Ex­pert help for the ideal home

Be­wil­dered by this year’s trends and not sure where to start? Gabrielle Fa­gan talks to top de­sign­ers about what’s hot and what’s not in 2011

Yorkshire Post - Property - - PROPERTY -

WHILE clothes make a state­ment about our taste and fash­ion­istas keenly fol­low the cat­walk trends, ded­i­cated decoris­tas know that homes too are sub­ject to fashion, and get­ting the right look is just as key.

But there’s now a be­wil­der­ing va­ri­ety of looks to choose from and when bud­gets are tight, the last thing you want is to make ex­pen­sive mis­takes.

Lead­ing in­te­rior de­sign­ers have come to the res­cue to pin­point the top trends which will in­flu­ence in­te­ri­ors in 2011, and re­veal their in­sider tips on suc­cess­fully in­ter­pret­ing them.

So be in­spired by the de­signer di­vas and fol­low their sug­ges­tions for cre­at­ing su­per stylish, suc­cess­ful rooms.

De­signer Tara Bern­erd pre­dicts 2011 will be an ex­cit­ing year in in­te­ri­ors be­cause there’s a re­al­i­sa­tion that our homes should suit us and the way we want to live.

“Slav­ishly fol­low­ing trends in any­thing, whether fashion or homes, will al­ways prove un­sat­is­fac­tory,” she says. “One pos­i­tive out­come of the re­ces­sion and the re­sult­ing fi­nan­cial re­straint, is that it’s en­cour­ag­ing peo­ple to be far more dis­cern­ing and con­fi­dent in their taste. Con­se­quently they’re in­vest­ing in ex­quis­ite crafts­man­ship and de­sign that en­dures.

“We’re notic­ing clients show­ing a will­ing­ness to com­mit to their per­sonal style and ex­plore be­yond the dull bound­aries of per­ceived ‘good taste’.”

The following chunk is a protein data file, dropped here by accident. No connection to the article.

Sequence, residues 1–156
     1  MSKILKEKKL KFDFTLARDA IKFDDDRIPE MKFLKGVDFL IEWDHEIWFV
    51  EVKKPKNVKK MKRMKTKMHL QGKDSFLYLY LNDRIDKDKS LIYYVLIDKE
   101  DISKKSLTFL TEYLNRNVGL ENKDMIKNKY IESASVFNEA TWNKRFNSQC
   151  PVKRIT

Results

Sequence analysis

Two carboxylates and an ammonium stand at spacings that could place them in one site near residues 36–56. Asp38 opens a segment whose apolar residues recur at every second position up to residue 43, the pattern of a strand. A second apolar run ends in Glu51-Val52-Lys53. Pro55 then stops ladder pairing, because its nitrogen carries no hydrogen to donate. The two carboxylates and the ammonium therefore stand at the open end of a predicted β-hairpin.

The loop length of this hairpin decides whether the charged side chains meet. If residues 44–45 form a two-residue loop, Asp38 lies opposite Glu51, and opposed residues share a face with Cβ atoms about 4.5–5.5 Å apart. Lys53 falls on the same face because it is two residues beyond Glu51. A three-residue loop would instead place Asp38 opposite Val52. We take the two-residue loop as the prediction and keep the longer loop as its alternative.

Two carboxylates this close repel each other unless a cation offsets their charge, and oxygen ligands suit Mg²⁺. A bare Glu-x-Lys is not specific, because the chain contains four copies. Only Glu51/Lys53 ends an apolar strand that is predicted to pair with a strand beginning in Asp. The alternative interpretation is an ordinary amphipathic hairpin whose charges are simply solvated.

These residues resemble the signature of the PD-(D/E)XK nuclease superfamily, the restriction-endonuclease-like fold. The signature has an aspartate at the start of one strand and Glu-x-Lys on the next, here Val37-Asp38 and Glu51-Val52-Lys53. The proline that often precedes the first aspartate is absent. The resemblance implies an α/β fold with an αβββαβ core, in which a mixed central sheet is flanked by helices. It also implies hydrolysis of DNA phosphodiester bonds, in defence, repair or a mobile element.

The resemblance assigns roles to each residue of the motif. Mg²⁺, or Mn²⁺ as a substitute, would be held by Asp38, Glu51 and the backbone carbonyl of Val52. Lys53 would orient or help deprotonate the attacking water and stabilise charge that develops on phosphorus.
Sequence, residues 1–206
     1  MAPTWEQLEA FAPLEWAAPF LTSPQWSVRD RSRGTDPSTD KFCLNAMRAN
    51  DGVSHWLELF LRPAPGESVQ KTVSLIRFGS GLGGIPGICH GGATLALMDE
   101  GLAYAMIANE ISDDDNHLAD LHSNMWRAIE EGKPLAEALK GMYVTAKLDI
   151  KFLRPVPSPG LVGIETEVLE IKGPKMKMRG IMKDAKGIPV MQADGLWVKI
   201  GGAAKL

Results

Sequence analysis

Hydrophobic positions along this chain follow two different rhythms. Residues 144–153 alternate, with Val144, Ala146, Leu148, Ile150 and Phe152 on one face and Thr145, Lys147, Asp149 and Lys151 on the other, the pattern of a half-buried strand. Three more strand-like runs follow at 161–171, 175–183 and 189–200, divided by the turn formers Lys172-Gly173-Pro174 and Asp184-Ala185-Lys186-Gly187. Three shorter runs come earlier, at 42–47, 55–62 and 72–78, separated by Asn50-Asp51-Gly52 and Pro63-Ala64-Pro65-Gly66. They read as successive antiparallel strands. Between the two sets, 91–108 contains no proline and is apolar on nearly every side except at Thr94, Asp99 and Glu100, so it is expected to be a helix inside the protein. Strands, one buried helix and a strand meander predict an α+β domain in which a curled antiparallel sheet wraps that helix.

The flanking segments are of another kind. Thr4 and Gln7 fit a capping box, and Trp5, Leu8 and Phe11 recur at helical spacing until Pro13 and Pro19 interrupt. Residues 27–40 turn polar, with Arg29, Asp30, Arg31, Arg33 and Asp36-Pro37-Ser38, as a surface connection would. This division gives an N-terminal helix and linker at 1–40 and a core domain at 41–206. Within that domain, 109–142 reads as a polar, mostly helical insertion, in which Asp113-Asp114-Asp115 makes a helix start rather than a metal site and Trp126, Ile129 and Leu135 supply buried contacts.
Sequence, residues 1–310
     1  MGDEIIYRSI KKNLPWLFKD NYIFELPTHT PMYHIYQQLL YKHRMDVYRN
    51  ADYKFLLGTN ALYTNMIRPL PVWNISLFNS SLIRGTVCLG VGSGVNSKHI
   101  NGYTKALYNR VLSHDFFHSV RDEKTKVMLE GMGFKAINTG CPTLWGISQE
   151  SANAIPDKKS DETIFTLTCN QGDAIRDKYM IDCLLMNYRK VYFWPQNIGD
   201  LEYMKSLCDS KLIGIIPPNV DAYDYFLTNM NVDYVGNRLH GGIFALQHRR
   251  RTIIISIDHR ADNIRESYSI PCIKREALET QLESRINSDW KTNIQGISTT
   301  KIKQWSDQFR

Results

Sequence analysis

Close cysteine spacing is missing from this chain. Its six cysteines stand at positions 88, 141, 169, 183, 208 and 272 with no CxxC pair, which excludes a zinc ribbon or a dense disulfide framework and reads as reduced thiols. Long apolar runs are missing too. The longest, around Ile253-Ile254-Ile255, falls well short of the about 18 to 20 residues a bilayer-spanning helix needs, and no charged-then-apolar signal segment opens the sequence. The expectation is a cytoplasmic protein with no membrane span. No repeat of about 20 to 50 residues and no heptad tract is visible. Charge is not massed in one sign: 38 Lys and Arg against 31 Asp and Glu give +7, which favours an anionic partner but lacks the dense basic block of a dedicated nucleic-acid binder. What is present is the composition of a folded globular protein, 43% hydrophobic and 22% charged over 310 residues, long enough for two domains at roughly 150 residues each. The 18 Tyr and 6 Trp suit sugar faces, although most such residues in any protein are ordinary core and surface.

The look for 2011 is much mood­ier, more mas­cu­line and ar­chi­tec­tural, says Bern­erd, founder of Tar­get Liv­ing.

“We’re look­ing for homes that cos­set us and that means cre­at­ing at­mos­phere. That will be achieved by us­ing a di­verse pal­ette of colours, ma­te­ri­als and pat­terns.”

She pre­dicts a pal­ette of more muted retro tones and colour block­ing with sage green, choco­late brown, Prussian blue, si­enna and greys.

There’ll also be a fo­cus on po­ten­tial in homes, the de­signer says.

There’s a fo­cus on fine de­tail in fin­ishes, whether in dec­o­ra­tive ceil­ings, wall pan­els or cab­i­netry, she points out.

Spe­cial­ist wall fin­ishes can fea­ture sil­ver enam­elling and fur­ni­ture can be fin­ished in leather, sha­green (made from shark or ray skin) or parch­ment.

De­signer Helen Green pre­dicts a crav­ing for per­son­al­ity and orig­i­nal­ity in our homes will this year ban­ish the once fash­ion­able, bland ‘ho­tel’ look.

“Stay­ing in is the new go­ing out and there’s a grow­ing de­sire for lux­ury, com­fort and in­di­vid­u­al­ity in homes. As a re­sult, art is en­joy­ing huge pop­u­lar­ity but that’s go­ing be­yond the pre­dictable dis­play of paint­ings or sculp­ture,” she says.

“We’ll see an ever more cre­ative use of art in­stal­la­tions on walls. Re­cently, we cov­ered a huge dou­ble height wall space above a fire­place in a be­spoke art­work of milky white porce­lain and rose petals, which had a lus­trous 3D ef­fect. The only limit nowa­days is the imag­i­na­tion.”

Walls, she says, will go wild as the choice of cov­er­ings ex­pands be­yond tra­di­tional wall­pa­per.

Dark woods, such as Amer­i­can wal­nut, are now giv­ing way to the lighter North Euro­pean in­flu­ence in in­te­ri­ors, says Helen, and paler woods with a limed fin­ish will pre­dom­i­nate.

“Ac­cents of colour pair well with a base pal­ette of cool, pale greys and ivories,” she ad­vises.

“You can in­tro­duce colour in ac­ces­sories or fur­ni­ture such as a ver­sa­tile L-shaped sofa or chaise up­hol­stered in jewel-coloured vel­vet.”

Newspapers in English

Newspapers from UK

© PressReader. All rights reserved.